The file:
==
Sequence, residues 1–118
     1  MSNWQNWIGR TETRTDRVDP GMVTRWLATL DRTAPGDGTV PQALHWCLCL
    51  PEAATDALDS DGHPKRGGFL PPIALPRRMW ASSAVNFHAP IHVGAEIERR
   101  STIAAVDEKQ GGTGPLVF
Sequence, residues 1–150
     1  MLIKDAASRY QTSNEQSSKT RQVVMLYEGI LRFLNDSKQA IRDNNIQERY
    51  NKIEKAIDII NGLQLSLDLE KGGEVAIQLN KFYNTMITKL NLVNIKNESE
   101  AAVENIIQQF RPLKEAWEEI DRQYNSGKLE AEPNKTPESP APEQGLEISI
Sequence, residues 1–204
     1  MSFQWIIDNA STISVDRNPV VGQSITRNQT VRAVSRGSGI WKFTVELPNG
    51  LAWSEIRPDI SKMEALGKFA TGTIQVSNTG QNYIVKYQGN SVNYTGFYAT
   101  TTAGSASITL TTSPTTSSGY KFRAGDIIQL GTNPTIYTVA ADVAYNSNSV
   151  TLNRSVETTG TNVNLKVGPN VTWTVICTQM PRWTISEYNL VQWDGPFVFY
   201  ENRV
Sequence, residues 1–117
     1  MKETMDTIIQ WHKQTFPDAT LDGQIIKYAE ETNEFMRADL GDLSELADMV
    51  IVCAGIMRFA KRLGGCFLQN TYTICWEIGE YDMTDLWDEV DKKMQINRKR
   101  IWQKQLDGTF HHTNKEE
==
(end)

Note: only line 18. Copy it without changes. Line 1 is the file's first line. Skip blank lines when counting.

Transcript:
   101  IWQKQLDGTF HHTNKEE